• Supporters of the late leftist president Hugo Chávez of Venezuela paid tribute to him and his legacy Sunday on the 10th anniversary of his death. (AFP)

  • Venezuelan President Nicolás Maduro met with former Cuban President Raúl Castro and former Ecuadorian President Rafael Correa, who traveled to Caracas to attend tributes. He also spoke with Nicaraguan leader Daniel Ortega, Dominican Republic’s Prime Minister Roosevelt Skerrit, St. Vincent and the Grenadines Prime Minister Ralph Gonsalves, Bolivian President Luis Arce, former Deputy Prime Minister of Saint Kitts and Nevis Earl Asim Martim, and former Honduran President Mel Zelaya, also attended. (TelesurSt. Vincent Times)

Regional Relations

  • Cuban President met with the head of Russian oil firm Rosneft this weekend, amid an acute fuel shortage that has service stations on the island shuttered hours-long gasoline queues, reports Reuters.


  • Ecuador’s National Assembly voted in favor of a report which recommends opening an impeachment process against President Guillermo Lasso. The report, which is not binding, concluded Lasso could have been involved in possible crimes against state security and public administration, assertions rejected by the government. (Reuters)

  • An Ecuadorian judge prosecutors’ request to charge former President Lenin Moreno with bribery over a contract for a Chinese-built hydroelectric plant. (Reuters)


  • Former Brazilian President Jair Bolsonaro denied committing “illegal acts” after a report that a $3.2 million jewelry set allegedly gifted by Saudi Arabia to him and his wife was not duly declared to authorities. (Reuters)

  • Bolsonaro told NBC News he intends to return to Brazil, where he is being investigated in relation to violent riots in Brasília by his supporters. He denied any responsibility for the attacks on gov’t buildings.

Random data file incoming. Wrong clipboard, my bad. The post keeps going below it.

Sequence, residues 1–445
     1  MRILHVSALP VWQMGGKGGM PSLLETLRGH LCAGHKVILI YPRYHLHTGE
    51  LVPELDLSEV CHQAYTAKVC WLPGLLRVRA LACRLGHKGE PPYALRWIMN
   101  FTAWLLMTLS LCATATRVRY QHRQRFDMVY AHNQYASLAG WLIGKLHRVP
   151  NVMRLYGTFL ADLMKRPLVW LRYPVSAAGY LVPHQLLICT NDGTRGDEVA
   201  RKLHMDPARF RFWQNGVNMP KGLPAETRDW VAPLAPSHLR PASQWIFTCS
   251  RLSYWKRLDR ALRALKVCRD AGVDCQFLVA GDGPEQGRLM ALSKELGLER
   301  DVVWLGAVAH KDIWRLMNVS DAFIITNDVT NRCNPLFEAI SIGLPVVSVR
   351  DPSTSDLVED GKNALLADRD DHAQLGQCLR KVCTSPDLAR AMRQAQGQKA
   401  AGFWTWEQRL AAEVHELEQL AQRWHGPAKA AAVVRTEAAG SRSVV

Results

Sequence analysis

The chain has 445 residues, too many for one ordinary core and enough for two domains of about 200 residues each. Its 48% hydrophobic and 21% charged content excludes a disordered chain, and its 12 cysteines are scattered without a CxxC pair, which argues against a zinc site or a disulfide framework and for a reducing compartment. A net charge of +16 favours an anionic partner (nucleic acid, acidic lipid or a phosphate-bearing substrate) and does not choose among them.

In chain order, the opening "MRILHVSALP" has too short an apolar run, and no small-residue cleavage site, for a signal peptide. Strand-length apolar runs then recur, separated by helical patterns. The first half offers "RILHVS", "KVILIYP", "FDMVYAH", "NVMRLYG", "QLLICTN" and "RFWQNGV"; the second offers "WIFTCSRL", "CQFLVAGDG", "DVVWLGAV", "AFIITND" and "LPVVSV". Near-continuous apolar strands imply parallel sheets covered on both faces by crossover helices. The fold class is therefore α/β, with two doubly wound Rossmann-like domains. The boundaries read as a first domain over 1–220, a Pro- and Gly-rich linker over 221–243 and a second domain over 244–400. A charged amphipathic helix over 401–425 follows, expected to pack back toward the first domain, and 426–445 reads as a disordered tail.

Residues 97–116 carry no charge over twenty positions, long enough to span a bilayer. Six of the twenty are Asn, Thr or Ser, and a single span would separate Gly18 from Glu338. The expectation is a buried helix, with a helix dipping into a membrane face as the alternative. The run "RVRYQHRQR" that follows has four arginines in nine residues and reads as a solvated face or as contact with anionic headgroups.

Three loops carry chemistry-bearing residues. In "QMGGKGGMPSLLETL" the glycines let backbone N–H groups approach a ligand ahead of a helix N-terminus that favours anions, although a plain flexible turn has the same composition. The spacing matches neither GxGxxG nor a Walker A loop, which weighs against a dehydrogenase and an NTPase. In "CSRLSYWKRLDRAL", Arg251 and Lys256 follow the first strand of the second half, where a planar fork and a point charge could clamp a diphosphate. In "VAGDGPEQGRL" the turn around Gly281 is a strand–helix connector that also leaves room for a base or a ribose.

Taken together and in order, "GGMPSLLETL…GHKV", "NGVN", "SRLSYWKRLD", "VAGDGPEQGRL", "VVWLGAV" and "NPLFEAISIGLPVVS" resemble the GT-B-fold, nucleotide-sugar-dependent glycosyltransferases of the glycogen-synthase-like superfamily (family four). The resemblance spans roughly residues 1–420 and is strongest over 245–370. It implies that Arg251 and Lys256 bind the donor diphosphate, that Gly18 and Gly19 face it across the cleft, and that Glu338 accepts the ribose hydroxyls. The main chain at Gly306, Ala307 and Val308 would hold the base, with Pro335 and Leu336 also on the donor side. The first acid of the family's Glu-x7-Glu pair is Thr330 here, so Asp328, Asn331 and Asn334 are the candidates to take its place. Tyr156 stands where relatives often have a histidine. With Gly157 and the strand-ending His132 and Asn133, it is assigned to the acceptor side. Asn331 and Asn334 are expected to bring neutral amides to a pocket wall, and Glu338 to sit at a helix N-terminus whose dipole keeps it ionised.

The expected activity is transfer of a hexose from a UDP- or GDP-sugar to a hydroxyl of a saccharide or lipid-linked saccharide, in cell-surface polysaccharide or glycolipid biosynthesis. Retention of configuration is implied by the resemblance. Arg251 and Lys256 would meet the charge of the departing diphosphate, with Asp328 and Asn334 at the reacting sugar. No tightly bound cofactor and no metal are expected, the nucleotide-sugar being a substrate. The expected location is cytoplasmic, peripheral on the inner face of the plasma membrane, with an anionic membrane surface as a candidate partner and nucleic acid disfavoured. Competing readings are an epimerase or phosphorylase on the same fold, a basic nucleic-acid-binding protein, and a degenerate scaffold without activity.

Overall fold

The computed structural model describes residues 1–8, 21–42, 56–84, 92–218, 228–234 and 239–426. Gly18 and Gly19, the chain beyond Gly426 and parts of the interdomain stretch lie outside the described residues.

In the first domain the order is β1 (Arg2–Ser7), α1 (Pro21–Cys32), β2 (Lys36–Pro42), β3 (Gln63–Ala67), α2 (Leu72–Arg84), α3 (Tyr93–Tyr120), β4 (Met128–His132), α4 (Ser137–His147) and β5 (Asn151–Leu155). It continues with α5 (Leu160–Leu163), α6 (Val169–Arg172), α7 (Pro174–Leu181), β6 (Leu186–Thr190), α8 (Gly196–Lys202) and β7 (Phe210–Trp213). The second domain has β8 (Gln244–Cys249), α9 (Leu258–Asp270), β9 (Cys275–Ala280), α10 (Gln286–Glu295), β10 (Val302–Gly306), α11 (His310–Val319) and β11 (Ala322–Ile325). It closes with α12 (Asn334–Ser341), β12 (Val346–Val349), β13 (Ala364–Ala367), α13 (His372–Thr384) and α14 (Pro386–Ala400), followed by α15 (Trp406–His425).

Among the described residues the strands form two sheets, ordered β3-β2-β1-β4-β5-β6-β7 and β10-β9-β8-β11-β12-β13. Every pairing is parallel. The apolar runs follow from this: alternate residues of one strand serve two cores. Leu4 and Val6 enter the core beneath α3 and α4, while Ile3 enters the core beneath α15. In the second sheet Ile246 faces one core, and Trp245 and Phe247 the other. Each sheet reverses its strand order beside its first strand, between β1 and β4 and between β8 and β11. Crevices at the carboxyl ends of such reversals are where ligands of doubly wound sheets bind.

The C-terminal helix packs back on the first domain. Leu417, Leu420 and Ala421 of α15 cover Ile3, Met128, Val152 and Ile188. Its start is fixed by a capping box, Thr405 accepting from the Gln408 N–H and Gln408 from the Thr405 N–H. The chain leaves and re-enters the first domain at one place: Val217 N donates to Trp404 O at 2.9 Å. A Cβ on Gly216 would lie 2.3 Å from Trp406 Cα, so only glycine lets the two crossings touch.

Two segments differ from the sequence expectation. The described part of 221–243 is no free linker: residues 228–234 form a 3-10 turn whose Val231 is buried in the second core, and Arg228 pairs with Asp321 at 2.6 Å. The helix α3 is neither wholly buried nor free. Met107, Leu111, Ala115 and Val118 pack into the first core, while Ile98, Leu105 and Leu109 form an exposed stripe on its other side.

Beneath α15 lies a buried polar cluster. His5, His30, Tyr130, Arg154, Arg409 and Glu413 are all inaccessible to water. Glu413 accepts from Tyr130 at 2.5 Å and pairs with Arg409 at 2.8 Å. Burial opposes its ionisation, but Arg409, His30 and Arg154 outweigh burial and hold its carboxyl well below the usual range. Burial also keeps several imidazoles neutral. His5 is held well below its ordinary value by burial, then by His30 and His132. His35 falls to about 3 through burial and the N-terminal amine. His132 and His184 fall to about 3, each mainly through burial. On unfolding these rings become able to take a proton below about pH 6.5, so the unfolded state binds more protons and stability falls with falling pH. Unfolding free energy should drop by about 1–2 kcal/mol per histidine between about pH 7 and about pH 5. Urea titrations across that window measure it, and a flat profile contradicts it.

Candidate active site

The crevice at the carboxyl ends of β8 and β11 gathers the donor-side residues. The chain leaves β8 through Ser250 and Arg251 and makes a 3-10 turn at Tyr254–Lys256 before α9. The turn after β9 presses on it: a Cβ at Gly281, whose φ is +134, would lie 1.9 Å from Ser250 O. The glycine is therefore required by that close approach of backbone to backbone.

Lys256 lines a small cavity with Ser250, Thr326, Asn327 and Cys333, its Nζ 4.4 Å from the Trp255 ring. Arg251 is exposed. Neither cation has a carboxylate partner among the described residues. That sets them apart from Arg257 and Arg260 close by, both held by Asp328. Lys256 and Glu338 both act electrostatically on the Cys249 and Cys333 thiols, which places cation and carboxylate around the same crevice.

• Concerns about Brazilian military connivance in the Jan. 8 insurrection against President Luiz Inacio Lula da Silva persist even after the leftist president reasserted his authority over the armed forces, Justice Minister Flavio Dino told Bloomberg. He said authoritarian groups that envision a political role for the armed forces remain active within the institution.

  • Brazil’s military has a long history of involvement in government, from the country’s founding, through the military dictatorship, and now, writes Vanesa Barbaro in a New York Times column, contrasting Argentina’s “Trial of the Juntas” to impunity for human rights violations committed by Brazil’s military rulers.

  • Brazilian authorities approved the cultivation and sale of drought-tolerant genetically modified wheat developed in Argentina, the second country to approve Bioceres’ HB4 wheat strain, reports Reuters.


  • Argentina and the International Monetary Fund are negotiating an agreement for more flexible currency reserves targets this year dependant on exports, reports Reuters.


  • Tesla’s new factory in the Mexican state of Nuevo León will cost $5 billion, will employ up to 7,000 people and could start churning out cars as early as next year, reports New York Times.


  • Uruguayan architect Rafael Viñoly died last week at age 78 — “his work reshaped cityscapes seen by tens of millions of people each day,” writes the Washington Post.

Critter Corner

  • There are dozens of articles about the “cocaine hippos.” Yes, again. (No links.)

Jordana Timerman/Latin America Daily Briefing